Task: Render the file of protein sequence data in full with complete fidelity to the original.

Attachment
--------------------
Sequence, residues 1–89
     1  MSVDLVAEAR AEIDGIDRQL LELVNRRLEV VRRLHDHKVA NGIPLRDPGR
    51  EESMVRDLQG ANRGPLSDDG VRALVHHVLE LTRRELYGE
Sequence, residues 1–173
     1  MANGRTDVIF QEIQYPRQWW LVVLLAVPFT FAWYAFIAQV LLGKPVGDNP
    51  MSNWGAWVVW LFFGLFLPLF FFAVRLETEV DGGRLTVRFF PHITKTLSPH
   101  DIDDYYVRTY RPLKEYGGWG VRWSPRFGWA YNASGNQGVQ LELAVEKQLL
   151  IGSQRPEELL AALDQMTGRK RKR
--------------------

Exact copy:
Sequence, residues 1–89
     1  MSVDLVAEAR AEIDGIDRQL LELVNRRLEV VRRLHDHKVA NGIPLRDPGR
    51  EESMVRDLQG ANRGPLSDDG VRALVHHVLE LTRRELYGE
Sequence, residues 1–173
     1  MANGRTDVIF QEIQYPRQWW LVVLLAVPFT FAWYAFIAQV LLGKPVGDNP
    51  MSNWGAWVVW LFFGLFLPLF FFAVRLETEV DGGRLTVRFF PHITKTLSPH
   101  DIDDYYVRTY RPLKEYGGWG VRWSPRFGWA YNASGNQGVQ LELAVEKQLL
   151  IGSQRPEELL AALDQMTGRK RKR